Thank God It's Friday

25th April 1997 at 01:00
Monday: It's the penultimate week of rehearsals for the school production, and it was a real struggle to get out of bed. The thought of 60 adolescents high-kicking to songs from West End shows makes me queasy at the best of times, but realising that I have to teach them the songs and the steps is truly nauseating.

During a tense lunchtime rehearsal, I ask myself two questions. First, do I really think that shouting "Smile! You're enjoying yourselves!" will have the desired effect? And second, do I have the acting ability to fake a stroke and get myself out of this mess? I resolve to show the cast my patented "artificial smile", and send someone to the office to fetch two elastic bands.

Tuesday: A group of Year 8 girls have been persuaded to perform their section of the show as a "taster" during an assembly. This has been co-ordinated by our senior teacher, a man who has inhabited the building since grammar school days. His assemblies are eagerly awaited by staff for anachronisms such as declaring that "Masters and prefects may leave first, followed by the upper fifth". Today he excels himself and cannot understand why there are giggles when he says, referring to the Year 8 girls, "Give them the clap they all deserve."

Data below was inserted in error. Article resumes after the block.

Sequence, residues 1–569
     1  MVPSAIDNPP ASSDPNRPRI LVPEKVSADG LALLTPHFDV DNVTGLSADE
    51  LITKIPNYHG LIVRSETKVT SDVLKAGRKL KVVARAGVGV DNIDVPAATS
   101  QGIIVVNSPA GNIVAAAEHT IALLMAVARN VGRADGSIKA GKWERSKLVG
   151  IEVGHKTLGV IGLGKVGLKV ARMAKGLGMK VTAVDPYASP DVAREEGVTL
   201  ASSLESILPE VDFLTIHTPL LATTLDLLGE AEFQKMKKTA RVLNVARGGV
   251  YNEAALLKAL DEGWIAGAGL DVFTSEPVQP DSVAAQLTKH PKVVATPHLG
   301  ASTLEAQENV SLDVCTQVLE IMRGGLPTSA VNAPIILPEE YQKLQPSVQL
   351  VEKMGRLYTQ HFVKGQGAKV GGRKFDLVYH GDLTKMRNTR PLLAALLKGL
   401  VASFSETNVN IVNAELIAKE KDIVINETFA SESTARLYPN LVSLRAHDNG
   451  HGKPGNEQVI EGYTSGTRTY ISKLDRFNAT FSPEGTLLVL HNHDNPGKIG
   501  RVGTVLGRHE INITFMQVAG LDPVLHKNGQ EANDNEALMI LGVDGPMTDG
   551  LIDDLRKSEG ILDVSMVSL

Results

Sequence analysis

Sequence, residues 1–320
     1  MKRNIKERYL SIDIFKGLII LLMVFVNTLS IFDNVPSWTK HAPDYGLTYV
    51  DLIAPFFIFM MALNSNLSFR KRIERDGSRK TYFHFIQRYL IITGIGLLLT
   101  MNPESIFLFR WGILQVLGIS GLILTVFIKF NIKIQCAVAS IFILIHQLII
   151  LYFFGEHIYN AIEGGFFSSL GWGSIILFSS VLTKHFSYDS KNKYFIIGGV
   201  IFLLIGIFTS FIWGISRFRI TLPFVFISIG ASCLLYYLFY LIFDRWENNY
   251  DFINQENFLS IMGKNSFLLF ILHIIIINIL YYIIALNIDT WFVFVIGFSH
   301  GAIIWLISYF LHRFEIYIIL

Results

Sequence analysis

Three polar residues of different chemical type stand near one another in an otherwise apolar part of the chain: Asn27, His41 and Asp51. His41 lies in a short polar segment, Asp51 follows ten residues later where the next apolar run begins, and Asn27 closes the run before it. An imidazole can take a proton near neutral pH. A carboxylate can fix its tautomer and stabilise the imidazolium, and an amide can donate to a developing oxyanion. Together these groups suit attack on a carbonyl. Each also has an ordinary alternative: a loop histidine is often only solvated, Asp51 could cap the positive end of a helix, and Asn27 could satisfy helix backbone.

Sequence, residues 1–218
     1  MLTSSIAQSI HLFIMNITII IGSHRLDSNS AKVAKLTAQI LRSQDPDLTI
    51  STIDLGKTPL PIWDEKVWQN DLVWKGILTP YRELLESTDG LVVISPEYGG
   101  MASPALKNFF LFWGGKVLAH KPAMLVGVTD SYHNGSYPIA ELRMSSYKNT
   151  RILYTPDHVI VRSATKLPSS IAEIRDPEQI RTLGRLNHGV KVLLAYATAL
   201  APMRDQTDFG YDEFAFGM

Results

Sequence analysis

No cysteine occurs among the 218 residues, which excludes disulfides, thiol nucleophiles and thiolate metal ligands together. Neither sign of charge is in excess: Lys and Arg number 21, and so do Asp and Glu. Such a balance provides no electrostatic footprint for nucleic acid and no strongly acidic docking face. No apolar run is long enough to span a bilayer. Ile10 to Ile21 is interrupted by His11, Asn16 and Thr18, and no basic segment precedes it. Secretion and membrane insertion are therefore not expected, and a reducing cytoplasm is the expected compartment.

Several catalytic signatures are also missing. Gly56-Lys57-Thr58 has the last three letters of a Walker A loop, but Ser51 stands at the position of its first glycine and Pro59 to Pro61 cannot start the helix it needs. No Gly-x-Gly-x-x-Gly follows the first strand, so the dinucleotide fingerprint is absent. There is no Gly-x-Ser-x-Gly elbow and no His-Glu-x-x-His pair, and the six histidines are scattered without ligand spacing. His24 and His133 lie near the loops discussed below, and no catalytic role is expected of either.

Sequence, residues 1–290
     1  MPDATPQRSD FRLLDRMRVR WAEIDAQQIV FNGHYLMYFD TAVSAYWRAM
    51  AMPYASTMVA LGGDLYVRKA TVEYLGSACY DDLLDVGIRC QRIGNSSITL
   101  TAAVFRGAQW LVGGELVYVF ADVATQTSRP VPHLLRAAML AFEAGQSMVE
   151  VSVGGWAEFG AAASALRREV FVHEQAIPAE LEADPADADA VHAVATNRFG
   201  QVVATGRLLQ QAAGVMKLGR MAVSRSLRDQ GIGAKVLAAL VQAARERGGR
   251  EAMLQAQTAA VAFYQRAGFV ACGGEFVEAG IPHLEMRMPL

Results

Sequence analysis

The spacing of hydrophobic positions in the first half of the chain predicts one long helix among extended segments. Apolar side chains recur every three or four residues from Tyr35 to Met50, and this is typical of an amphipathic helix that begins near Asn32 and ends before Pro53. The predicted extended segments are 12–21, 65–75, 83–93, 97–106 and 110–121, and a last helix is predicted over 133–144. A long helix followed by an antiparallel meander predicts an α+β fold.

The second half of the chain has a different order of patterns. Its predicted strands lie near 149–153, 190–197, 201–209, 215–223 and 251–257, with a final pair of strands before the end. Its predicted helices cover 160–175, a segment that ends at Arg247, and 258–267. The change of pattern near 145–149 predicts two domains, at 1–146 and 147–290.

Wednesday: Teachers impress parents they have never met before by greeting them by name at parents' evenings. The parents are pleased that you know their offspring well enough to be able to make the connection but do not always understand the process of recognition. Tonight I impress Mr Hodgkins, who smiles when I greet him by name but whose eyes are asking, "How does he know for sure?" I want to tell him, "Well, you and your daughter share a number of distinguishing features: cauliflower ears, an alarmingly red nose, and eyes slightly off centre." But I don't. This is what it means to be a professional.

Thursday: Things fall apart. I haven't shaved, my hair is greasy and I think my pants are on back to front. I have been choreographing "Consider Yourself" in my sleep all night and I'm bruised and exhuasted. Entering the staffroom, I drop my briefcase and its contents slide across the floor. They sum up my life: a bulky folder of unmarked work, various pills, a pathetic list of "to do's", the sheet music to "I Know Him So Well", and a half-hearted attempt at a healthy packed lunch.

Friday: My mind is taken off the greasepaint and tinsel by some juicy staffroom gossip. Later in the day, these rumours of extra-marital affairs prove to have some substance when I pick up the department extension and hear a colleague ask, "Hello, is that Relate?" "No," I reply, "it's not, Mr Harris. It's Tom. You need to dial 9 first for an outside line." There is a short silence, a stifled sob, then "click, brrr". Isn't stress a wonderful thing?

Tom Sleeman teaches at a comprehensive school in the West Midlands

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